- Information is material if its omission or misstatement could influence the economic decisions of users taken on the basis of the financial statements (IASB Framework).
Materiality therefore relates to the significance of transactions, balances and errors contained in the financial statements. Materiality defines the threshold or cutoff point after which financial information becomes relevant to the decision making needs of the users. Information contained in the financial statements must therefore be complete in all material respects in order for them to present a true and fair view of the affairs of the entity.
Materiality is relative to the size and particular circumstances of individual companies.
Example - Size
A default by a customer who owes only $1000 to a company having net assets of worth $10 million is immaterial to the financial statements of the company.
However, if the amount of default was, say, $2 million, the information would have been material to the financial statements omission of which could cause users to make incorrect business decisions.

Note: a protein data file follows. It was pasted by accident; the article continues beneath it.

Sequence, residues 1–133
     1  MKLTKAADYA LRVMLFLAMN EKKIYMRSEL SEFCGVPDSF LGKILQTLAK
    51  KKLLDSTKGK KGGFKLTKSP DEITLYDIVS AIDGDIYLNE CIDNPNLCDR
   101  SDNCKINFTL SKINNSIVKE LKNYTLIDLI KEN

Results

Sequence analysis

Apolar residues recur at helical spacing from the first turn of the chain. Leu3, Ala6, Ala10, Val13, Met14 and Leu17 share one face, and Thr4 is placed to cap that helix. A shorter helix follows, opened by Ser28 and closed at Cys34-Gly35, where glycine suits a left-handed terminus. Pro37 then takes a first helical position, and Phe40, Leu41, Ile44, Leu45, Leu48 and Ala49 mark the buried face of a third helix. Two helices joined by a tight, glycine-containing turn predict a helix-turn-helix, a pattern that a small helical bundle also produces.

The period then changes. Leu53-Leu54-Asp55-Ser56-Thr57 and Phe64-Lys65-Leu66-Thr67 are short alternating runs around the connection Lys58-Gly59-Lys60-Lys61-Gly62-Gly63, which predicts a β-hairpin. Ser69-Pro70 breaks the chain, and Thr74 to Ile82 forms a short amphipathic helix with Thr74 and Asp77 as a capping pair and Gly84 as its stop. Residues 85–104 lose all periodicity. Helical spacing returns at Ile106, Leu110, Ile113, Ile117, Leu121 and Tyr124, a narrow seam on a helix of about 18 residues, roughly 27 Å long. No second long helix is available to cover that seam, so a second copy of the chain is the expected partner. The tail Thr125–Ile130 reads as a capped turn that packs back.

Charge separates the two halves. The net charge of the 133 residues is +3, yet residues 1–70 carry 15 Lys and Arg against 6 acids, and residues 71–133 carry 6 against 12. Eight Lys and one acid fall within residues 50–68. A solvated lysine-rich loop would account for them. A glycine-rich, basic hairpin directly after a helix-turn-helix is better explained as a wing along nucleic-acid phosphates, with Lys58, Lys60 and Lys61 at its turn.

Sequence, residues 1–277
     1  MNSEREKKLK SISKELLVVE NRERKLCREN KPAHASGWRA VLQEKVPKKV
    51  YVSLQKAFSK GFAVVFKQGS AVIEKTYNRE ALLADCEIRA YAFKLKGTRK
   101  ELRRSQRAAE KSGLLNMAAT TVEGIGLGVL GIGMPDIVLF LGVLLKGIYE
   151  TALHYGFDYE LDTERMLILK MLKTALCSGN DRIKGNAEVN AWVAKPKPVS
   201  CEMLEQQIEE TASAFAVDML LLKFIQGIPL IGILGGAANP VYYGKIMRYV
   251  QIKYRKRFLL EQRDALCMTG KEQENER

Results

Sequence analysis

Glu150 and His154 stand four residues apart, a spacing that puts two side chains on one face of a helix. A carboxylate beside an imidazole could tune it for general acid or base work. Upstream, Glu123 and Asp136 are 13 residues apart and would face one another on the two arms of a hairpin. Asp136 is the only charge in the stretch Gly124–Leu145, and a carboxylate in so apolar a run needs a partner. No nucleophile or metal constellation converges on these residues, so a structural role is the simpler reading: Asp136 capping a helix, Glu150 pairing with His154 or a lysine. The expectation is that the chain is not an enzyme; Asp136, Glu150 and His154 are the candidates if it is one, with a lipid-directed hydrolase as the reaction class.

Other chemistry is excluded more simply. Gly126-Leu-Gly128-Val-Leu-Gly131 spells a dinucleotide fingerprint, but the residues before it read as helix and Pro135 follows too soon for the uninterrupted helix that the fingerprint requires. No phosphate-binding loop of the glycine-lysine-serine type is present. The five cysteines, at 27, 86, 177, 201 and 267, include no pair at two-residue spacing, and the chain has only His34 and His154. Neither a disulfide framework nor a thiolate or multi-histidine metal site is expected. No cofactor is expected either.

Example - Nature
If a company is planning to curtail its operations in a geographic segment which has traditionally been a major source of revenue for the company in the past, then this information should be disclosed in the financial statements as it is by its nature material to understanding the entity's scope of operations in the future.
Materiality is also linked closely to other accounting concepts and principles:
- Relevance: Material information influences the economic decisions of the users and is therefore relevant to their needs.
- Reliability: Omission or mistatement of an important piece of information impairs users' ability to make correct decisions taken on the basis of financial statements thereby affecting the reliability of information.
- Completeness: Information contained in the financial statements must be complete in all material respects in order to present a true and fair view of the affairs of the company.